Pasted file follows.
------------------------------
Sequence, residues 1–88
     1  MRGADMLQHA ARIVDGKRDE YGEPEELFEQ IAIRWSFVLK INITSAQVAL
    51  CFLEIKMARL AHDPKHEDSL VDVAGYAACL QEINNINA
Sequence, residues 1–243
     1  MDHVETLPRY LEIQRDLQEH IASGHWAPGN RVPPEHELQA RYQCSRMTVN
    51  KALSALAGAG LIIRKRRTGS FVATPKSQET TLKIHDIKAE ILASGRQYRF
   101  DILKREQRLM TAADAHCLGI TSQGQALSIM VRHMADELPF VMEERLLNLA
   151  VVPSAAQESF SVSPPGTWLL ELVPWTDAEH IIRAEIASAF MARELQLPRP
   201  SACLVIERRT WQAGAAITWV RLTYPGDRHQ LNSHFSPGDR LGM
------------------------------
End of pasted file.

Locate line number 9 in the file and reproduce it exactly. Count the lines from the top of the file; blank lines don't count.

   201  SACLVIERRT WQAGAAITWV RLTYPGDRHQ LNSHFSPGDR LGM